Rossell Blows the Whistle On OHSU

Matt Rossell is the former lab technician at Oregon Health Sciences University's Primate Center who exposed their cruel practices toward the monkeys they use for research. In "Matt Rossell Exposes Animal Abuse" (VB #40.5&6) we taped Matt at the Hollywood Theatre speaking about his attempts to improve conditions for the monkeys and his decision to quit in a very vocal way when those attempts were ignored and dismissed. This program includes some of the disturbing undercover footage that he took of the monkeys in their cramped, barren prison-like environments before he left.

Matt's disclosures started a chain of events that have led to communal housing of some of the monkeys, in an attempt to improve OHSU's image. Thousands are still housed in metal cages, though, and many other conditions need to be changed.

A Culture of The Differently Abled?

A conference held in Portland in May, 2001 was organized for people who have various physical and psychological abilities to examine the question as to whether they constitute a community and if so, how could it be defined? "Diverse Abilities: Who Defines the Box?" (VB # 41.3) features interviews and excerpts from workshops which address these questions and more.

What makes this show even more poignant is that it was produced by long-time Flying Focus associate Yvonne Simmons, who herself lives with the effects of a brain injury that doctors thought would have caused her death two years ago.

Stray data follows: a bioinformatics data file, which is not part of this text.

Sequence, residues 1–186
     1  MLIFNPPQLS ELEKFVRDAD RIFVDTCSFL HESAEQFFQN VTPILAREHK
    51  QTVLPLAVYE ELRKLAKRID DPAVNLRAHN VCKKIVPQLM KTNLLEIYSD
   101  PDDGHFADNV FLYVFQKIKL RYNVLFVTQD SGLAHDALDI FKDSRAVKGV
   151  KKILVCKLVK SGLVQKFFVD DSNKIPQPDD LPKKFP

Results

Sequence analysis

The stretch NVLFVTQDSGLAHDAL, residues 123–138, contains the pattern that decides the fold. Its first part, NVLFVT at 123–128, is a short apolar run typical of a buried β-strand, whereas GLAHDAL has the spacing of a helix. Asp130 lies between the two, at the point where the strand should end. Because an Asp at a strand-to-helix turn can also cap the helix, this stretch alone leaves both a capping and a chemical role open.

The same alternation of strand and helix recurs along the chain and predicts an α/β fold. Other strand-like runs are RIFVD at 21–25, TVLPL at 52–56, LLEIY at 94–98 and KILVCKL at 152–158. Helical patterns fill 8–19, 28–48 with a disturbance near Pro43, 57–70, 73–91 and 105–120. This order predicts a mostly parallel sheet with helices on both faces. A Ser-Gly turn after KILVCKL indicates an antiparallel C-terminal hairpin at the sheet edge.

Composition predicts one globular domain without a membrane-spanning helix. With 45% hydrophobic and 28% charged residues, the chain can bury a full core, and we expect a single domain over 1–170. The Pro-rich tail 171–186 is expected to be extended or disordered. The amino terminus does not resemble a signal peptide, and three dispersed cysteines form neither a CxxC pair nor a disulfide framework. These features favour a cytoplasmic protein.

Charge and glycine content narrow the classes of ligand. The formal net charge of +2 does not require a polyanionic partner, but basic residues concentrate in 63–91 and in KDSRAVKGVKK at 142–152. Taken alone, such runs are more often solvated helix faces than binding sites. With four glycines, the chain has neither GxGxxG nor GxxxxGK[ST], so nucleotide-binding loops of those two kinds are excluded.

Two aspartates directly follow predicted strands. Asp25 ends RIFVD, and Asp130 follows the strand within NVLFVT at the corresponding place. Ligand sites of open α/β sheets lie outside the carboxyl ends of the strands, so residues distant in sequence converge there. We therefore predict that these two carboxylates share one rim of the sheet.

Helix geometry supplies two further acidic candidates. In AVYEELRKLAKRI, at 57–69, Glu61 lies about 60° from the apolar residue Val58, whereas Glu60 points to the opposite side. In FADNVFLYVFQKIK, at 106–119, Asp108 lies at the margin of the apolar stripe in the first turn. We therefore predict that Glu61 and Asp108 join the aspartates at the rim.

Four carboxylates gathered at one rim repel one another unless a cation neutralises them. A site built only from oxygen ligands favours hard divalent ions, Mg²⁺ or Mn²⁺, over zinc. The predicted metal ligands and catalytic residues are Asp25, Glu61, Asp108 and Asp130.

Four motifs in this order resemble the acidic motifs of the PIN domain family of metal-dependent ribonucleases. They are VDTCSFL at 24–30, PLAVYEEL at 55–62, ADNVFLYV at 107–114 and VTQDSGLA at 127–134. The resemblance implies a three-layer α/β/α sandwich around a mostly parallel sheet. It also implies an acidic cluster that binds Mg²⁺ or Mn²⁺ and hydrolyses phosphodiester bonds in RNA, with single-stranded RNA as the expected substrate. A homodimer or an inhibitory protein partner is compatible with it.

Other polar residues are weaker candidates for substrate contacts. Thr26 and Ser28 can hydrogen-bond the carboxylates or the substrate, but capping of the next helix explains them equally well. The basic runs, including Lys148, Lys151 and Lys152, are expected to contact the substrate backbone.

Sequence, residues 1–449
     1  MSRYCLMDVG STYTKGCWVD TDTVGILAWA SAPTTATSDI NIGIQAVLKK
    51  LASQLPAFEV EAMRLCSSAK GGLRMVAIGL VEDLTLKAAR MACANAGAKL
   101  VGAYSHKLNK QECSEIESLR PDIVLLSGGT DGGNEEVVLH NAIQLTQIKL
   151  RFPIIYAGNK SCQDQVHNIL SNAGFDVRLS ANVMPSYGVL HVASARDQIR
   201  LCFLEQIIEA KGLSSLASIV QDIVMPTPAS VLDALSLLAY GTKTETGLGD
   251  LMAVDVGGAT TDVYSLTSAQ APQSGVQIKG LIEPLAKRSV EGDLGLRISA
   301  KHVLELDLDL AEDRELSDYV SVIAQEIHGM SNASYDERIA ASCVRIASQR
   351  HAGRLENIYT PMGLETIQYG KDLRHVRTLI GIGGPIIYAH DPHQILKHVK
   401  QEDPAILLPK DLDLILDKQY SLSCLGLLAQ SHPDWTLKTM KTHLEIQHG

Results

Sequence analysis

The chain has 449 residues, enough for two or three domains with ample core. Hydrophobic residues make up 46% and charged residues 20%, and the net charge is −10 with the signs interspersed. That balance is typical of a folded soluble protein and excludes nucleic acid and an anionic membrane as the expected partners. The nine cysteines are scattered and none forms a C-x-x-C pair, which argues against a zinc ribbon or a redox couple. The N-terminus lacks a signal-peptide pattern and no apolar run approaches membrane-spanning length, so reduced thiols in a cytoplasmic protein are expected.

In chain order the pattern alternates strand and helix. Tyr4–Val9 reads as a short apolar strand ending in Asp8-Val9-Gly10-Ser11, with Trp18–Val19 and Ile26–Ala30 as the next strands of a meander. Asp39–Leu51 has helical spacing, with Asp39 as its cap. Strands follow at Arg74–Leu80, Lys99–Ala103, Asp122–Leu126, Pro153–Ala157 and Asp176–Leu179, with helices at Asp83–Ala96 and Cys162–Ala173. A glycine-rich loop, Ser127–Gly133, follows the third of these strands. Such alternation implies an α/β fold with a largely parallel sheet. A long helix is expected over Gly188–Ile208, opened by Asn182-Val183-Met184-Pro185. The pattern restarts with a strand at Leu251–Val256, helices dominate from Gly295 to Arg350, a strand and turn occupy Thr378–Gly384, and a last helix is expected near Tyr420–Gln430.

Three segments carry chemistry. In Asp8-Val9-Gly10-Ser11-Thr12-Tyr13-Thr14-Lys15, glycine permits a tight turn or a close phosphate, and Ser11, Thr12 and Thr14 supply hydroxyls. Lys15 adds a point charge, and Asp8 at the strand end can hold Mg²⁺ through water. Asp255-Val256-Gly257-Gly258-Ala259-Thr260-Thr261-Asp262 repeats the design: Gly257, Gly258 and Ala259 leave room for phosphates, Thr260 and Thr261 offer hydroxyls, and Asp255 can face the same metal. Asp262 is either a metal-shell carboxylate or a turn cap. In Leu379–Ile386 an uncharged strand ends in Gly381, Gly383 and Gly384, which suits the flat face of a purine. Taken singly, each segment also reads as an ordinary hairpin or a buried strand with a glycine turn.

Keeping Busy

Since our last newsletter (June 2001), Flying Focus has also videotaped dozens of community presentations and produced shows on the February 2001 Peace Fest (VB #41.1) and Catholic Worker Petria Malone's eyewitness account of her trip to Colombia (VB #40.2). Our work on many of these programs (particularly the PJTTF show) involved over a dozen volunteers, many of whom we have trained, coached and assisted. Thanks to everyone involved!


Flying Focus' 10th "Busiversary": Ten Years of Video Activism

We were as shocked as anyone else when the U.S. was attacked in early September, but not quite so surprised when the U.S. bombed another country in response, even though that country wasn't directly responsible for the attacks. One reason for this is that while producing our weekly show, we have been covering issues of U.S. policy for ten years, beginning with the "Gulf War" in 1991, and have seen the U.S. intervene in Haiti, Yugoslavia, Iraq, Sudan, Afghanistan, and Somalia.

The Collective's goal is to give voice to those who do not appear on regular TV. We've also been busy covering issues of poverty and homelessness, animal rights, health care alternatives, racism, sexism, homophobia, environmental justice, media bias, and much more.

In mid-November, we produced the "Tenth Busiversary" (VB #41.8&9), featuring a whirlwind seven minute retrospective of our first nine years along with the 19 new programs we produced since November, 2000. If you've never seen a Flying Focus program before, or want to share with someone a sampling of the breadth of our first decade, please consider ordering a copy. People who have registered as "Friends of Flying Focus" and donated $50 in the last 12 months will receive a free copy (heck, donate $50 now and we'll ship you one, too). Thanks to all of you who have been helping us to keep the information flowing.



To create positive social change, we need
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alternative voices and ideas.

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people who challenge structures of
oppression in our society--activists,
events and concepts not represented by
mainstream media.

This work can change the world, but
only if these ideas are heard.

When you order a tape, you support real